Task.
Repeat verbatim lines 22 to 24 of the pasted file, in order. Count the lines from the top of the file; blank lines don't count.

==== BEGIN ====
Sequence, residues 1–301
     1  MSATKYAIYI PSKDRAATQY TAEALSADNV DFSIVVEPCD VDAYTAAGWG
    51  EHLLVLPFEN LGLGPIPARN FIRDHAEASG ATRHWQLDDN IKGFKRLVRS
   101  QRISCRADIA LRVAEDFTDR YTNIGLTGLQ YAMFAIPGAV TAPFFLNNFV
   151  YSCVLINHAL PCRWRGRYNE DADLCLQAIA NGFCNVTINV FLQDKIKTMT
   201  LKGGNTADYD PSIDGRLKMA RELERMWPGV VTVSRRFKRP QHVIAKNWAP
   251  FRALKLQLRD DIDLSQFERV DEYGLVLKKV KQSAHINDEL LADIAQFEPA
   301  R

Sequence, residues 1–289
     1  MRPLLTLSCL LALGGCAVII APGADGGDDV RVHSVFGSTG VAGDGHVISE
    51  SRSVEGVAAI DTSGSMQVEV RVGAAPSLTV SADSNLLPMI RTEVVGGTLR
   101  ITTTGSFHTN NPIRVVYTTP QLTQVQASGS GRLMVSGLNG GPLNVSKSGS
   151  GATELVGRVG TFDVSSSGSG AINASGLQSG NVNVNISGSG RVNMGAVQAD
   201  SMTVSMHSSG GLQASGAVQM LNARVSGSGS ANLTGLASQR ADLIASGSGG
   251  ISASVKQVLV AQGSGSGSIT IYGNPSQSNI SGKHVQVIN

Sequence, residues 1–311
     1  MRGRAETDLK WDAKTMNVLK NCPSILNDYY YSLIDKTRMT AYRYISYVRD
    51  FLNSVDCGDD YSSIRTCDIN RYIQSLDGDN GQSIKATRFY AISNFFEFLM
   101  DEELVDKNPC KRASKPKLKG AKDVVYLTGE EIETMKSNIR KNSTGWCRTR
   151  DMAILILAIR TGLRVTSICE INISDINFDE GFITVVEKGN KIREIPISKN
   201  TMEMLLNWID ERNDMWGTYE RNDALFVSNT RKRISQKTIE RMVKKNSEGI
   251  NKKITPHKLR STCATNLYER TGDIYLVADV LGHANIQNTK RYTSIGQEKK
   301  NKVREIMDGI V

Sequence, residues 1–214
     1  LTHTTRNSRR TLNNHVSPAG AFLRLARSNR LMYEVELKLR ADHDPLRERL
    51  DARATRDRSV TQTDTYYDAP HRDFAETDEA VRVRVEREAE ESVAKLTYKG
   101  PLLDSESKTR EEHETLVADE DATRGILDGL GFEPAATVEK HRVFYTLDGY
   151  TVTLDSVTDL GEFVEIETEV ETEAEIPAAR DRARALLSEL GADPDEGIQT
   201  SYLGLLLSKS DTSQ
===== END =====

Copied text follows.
   251  NKKITPHKLR STCATNLYER TGDIYLVADV LGHANIQNTK RYTSIGQEKK
   301  NKVREIMDGI V

Sequence, residues 1–214